Friday Smorgasbord: Massive flame scallop reef, fish tornadoes and more

By on Dec 28, 2012

It’s the last friday in 2012 so that means the final installment of the Friday Smorgasbord for the year. To kick off the last smorgi post of 2012, we have a massive flame scallop reef off the coast of Scotland that may be the largest of its kind. With at least 100 million of the shellfish with bright-orange tentacles packed into 4.5 square miles, the massive reef has surprised researchers. The reef is located in Loch Alsh, a sea inlet between the Isle of Skye and the Scottish mainland. “This important discovery may be the largest grouping of flame shells anywhere in the world,” Scottish Environment Secretary Richard Lochhead said in the statement.

[via NBC]

You probably know somebody that has posted a remarkable image on Facebook of a massive swarm of fish surrounding a diver and now more light is being shed on the source of the image. In this video above, the photographer is a scientist named Octavio Aburto, and the location was Cabo Pulmo National Park, a vast marine reserve in Mexico’s Sea of Cortez and the diver is David Castro, whose family helps enforce rules within the park. The Jack fish in the picture are known to be voracious predators that school in large numbers and they appear in a courtship tornado in this video. Pretty inspiring.

[via NatGeo]

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Luis Rocha’s latest installment in the New York Times regarding his research on the social wrasse delves into the problem facing much of the Caribbean and Atlantic region — lionfish. Rocha discusses how prevalent the invasive species in in Belize, finding them in all habitats they visited, including coral reef, sea grass and mangrove. As he notes, finding them in sea grass and mangrove areas is disheartening, “as they are nursery habitats for many coral reef species. Lionfish are eating young reef fish before they can even get there.” So if you visit any of these areas, make sure to do your part to help harvest this fish.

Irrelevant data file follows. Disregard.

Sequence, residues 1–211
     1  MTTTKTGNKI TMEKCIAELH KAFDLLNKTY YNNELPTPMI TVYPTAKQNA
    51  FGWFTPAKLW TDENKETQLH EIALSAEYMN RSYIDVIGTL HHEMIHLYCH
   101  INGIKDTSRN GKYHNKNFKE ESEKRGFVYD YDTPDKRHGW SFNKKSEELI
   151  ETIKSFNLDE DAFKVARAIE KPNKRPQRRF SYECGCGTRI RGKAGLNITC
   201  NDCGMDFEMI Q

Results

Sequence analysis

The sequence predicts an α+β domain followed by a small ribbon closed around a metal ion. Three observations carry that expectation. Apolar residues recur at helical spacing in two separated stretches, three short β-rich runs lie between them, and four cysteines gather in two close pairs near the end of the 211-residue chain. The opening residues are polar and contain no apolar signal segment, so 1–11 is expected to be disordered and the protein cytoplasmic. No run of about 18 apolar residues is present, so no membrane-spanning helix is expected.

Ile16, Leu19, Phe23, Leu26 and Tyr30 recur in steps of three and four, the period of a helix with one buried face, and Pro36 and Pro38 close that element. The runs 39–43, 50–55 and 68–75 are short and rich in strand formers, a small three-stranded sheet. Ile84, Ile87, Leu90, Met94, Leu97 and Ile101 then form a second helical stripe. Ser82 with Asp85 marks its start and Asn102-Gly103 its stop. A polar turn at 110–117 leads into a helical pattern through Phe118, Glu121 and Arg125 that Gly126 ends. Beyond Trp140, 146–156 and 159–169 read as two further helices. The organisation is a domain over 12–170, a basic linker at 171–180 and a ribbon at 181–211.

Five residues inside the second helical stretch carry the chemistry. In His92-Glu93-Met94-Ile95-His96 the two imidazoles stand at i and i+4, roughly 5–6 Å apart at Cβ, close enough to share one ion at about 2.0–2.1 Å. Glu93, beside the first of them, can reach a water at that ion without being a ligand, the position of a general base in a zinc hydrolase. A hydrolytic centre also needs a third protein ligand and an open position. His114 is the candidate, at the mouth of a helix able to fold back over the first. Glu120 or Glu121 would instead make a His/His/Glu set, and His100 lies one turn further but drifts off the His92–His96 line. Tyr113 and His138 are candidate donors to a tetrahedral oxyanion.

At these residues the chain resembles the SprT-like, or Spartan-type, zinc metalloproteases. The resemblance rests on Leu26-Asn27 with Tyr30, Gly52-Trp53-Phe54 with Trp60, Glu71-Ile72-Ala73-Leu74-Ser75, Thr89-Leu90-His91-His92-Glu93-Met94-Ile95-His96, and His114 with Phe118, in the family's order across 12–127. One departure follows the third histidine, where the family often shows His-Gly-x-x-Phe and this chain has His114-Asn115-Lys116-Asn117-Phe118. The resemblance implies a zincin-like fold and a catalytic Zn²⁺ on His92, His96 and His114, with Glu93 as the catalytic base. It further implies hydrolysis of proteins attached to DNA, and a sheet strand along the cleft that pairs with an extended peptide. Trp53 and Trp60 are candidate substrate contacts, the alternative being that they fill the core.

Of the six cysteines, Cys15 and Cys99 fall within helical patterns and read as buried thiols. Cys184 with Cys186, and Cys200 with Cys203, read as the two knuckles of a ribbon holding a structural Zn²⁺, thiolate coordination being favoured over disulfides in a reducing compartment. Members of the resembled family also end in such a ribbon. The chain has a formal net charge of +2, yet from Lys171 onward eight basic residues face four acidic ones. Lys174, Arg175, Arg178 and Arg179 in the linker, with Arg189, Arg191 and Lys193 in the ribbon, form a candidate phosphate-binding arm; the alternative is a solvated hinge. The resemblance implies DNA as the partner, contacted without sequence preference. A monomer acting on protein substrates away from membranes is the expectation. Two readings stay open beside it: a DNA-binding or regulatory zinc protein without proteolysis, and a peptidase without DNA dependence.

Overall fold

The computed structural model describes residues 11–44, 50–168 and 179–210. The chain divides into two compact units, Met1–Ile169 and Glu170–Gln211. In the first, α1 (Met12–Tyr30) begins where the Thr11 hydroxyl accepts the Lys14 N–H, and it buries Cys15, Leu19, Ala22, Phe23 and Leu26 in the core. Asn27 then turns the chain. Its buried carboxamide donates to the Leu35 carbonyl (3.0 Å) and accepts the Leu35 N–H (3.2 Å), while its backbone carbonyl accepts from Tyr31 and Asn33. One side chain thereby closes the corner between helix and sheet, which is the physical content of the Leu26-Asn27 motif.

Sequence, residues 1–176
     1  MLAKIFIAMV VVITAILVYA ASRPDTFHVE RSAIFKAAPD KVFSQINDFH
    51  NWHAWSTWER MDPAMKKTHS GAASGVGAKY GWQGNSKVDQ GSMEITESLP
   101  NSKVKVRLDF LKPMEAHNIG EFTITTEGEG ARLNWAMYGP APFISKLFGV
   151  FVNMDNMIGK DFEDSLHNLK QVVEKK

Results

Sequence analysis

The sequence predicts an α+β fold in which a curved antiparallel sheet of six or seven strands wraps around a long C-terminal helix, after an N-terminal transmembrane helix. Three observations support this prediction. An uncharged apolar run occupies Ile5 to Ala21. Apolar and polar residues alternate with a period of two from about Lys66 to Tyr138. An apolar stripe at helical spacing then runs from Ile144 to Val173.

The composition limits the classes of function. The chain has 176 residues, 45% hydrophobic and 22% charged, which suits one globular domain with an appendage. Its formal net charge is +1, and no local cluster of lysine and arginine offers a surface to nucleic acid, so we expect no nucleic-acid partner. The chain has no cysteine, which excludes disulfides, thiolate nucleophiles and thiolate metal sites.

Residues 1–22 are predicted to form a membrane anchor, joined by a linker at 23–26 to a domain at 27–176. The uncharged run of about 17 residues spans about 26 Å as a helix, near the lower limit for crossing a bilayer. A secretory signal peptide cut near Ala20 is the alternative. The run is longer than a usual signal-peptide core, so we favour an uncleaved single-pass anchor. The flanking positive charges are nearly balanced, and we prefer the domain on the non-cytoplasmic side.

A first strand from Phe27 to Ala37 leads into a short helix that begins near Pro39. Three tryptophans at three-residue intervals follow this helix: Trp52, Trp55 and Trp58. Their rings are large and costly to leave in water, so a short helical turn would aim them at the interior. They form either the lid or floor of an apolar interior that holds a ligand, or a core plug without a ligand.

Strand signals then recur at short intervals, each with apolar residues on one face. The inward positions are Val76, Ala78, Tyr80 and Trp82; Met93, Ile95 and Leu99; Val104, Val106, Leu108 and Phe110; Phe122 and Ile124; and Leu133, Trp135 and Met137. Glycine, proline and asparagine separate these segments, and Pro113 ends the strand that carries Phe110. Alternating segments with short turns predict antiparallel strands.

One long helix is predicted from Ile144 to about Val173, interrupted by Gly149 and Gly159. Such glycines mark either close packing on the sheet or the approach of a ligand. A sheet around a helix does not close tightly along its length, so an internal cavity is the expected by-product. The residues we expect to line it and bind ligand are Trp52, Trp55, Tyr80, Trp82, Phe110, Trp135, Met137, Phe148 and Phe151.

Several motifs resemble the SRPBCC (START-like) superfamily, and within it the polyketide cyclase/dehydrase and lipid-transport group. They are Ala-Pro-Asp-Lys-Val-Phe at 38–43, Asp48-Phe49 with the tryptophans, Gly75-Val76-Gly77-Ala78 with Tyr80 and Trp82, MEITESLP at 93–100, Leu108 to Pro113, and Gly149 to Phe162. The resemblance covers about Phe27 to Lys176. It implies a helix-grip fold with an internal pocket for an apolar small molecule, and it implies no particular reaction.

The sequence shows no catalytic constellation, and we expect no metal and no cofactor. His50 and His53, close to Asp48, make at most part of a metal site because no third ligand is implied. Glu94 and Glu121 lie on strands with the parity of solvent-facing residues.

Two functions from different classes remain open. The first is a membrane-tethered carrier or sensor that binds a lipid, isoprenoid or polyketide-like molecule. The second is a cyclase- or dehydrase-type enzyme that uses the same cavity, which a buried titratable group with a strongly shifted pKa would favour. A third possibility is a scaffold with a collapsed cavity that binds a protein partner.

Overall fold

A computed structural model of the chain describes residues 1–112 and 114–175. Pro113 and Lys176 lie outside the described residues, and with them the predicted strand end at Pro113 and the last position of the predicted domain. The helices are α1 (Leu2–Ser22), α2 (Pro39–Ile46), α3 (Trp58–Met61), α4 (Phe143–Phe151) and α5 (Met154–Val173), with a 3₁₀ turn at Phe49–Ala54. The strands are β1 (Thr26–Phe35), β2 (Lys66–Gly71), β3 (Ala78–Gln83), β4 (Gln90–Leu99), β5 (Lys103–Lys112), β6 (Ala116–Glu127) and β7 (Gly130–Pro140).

[via New York Times]

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An interesting development in a 100-megawatt power plant that uses differences in ocean temperature to create energy may have this technology closer to becoming a reality. The closed system uses warm surface water to boil liquid ammonia creating steam to rise and power a turbine to create the electricity. Cooler water is drawn from a kilometer below the floating platform to cool the vapor and return it to liquid form to repeat the process. The trouble rose when the warmer water was discharged back into the ocean in depths that caused algae blooms, but research has found that if the warmer water is returned 70 meters below the surface, no algae blooms will form.

[via Greentech Media]

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